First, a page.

In the succeeding expedition titled “The Lover”, knowingly and unknowingly Damon finds himself in the company of three Europeans (one French and two Swiss) and sets about on a journey with them to Tanzania. In due course of time, he is in two minds whether or not to continue with them or go his own way. However, on each occasion he allows himself to continue with the trio overcoming hassles at the borders, bribing officials at the vaccination centres etc. He cannot help being drawn towards the Swiss Jerome which eventually makes him undertake a journey to Switzerland long after they had parted ways in Tanzania.

In the final voyage titled “The Guardian”, Damon shoulders the responsibility of taking care of a dying girl friend on a trip to India. A lady, who is high on sedatives, makes his shoddy life take a graphical turn when she tries to commit suicide.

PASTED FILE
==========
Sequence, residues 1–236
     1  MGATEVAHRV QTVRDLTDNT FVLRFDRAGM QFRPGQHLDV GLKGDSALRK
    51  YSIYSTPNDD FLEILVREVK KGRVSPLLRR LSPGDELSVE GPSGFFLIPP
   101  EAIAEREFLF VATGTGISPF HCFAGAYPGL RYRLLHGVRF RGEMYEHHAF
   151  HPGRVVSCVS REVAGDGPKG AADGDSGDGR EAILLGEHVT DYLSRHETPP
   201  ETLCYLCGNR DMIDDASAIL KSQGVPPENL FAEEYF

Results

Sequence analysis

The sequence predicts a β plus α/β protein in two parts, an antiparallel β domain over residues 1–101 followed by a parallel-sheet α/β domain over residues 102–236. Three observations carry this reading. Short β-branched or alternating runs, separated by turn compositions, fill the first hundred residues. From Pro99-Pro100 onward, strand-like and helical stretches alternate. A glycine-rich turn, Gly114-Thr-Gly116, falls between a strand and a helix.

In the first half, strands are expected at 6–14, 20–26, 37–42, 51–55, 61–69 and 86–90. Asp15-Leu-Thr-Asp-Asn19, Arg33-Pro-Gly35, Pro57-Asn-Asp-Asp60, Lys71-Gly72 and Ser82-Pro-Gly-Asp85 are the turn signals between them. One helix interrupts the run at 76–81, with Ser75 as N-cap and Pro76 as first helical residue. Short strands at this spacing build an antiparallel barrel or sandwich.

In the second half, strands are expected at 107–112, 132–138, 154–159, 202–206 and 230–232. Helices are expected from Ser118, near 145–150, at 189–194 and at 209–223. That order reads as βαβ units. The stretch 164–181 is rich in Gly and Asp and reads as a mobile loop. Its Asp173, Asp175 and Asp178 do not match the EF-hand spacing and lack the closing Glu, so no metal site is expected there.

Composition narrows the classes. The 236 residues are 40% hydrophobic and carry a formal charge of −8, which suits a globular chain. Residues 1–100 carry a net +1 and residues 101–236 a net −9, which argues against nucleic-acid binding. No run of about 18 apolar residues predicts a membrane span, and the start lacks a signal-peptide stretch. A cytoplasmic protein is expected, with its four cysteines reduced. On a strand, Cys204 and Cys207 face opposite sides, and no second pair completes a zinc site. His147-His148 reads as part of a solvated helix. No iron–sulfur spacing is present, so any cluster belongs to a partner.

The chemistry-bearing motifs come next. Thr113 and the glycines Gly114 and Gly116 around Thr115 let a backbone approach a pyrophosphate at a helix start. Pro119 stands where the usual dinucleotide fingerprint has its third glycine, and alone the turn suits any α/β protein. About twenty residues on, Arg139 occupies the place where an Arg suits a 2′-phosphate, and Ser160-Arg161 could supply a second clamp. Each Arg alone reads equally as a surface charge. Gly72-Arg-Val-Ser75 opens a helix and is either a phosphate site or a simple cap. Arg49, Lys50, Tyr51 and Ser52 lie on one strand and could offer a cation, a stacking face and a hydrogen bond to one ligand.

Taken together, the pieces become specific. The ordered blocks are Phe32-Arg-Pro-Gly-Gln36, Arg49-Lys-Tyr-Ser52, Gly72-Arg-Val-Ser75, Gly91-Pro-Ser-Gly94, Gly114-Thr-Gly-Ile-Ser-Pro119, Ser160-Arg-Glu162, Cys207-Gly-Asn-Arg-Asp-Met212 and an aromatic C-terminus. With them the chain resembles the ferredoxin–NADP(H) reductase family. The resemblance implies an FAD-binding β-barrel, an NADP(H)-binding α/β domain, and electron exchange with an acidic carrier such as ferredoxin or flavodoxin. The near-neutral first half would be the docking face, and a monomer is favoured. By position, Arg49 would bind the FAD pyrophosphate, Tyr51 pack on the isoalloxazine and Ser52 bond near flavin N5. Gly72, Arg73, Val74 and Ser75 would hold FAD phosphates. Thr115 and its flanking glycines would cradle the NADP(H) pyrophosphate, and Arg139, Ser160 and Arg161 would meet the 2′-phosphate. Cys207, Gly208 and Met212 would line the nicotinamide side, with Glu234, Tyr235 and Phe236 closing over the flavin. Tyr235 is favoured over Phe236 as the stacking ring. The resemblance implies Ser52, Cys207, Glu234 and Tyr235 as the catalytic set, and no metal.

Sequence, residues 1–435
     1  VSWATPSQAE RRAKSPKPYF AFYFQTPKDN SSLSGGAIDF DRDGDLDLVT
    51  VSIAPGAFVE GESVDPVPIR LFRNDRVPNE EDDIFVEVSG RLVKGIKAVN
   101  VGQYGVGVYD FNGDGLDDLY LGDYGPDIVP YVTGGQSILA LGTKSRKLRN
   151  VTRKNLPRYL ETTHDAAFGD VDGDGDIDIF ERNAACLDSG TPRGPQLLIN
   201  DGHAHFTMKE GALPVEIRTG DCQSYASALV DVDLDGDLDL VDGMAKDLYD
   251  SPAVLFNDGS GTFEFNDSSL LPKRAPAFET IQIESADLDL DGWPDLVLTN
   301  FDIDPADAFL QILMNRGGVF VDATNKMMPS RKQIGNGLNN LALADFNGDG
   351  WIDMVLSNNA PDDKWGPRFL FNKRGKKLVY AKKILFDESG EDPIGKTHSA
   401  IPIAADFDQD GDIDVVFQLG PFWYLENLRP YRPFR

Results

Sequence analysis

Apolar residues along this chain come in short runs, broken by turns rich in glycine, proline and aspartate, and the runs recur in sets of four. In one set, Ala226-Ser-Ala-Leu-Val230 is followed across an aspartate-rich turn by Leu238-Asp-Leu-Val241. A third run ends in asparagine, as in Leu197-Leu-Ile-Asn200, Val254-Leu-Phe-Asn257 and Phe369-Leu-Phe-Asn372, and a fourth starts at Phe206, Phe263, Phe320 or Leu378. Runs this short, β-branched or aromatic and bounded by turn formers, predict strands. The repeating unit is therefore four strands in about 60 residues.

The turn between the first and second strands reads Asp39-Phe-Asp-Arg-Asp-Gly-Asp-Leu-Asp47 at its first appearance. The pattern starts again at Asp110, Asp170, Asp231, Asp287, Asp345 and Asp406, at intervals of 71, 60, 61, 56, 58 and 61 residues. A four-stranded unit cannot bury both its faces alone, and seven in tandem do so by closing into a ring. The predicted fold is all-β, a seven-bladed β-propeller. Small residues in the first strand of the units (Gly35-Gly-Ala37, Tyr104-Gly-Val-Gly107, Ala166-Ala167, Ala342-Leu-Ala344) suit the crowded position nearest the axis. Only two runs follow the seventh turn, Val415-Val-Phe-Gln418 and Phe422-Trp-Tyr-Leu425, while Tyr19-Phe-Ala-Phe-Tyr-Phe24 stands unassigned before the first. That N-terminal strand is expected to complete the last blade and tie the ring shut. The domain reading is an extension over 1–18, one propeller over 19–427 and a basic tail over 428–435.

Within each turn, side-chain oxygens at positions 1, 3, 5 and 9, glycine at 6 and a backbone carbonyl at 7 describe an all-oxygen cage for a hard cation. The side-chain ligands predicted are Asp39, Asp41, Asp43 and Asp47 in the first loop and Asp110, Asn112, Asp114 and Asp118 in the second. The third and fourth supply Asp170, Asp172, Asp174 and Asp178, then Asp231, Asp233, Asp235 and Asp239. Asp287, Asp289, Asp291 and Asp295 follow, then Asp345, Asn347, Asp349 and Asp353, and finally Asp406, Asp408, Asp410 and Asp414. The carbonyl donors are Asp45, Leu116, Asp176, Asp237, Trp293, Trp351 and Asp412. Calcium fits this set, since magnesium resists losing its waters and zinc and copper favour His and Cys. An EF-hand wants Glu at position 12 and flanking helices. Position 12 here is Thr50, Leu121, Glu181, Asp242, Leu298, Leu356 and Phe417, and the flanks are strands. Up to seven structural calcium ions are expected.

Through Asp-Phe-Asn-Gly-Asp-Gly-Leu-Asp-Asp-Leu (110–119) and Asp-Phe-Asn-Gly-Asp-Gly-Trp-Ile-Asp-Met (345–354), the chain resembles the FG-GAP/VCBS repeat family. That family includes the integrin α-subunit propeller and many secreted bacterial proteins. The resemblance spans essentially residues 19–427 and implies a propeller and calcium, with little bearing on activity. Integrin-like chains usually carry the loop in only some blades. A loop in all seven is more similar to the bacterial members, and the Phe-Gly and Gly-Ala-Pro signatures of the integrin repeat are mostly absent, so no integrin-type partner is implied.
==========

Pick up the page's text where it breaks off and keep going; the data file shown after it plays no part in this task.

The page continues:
On all the three occasions, Damon- the lead character is painted as a lonely individual who often surrenders his life to the worldly affairs. He empowers the people around him to shape his journey and he feels gratified in following their trail. He permits his life to be swayed by sudden impulsive decisions which are often made without reason or thought. All the three journeys end with Damon in misery and hopelessness. Galgut has been lucid in his description of the places in which each of the three peregrinations take place. He craftily writes about the prevalent corruption at the borders and how things actually work in the African sides which is actually true in most borders of the underdeveloped and developing economies. He writes about the medical conventions at local Indian hospitals with appreciable nonchalance. In course of his story telling, Galgut does not sacrifice the essential particulars of each character. With his evocative depictions of individual characters countenance, the author ensures that the reader is never aloof from the protagonist’s perspective of the situations unfolding in the story.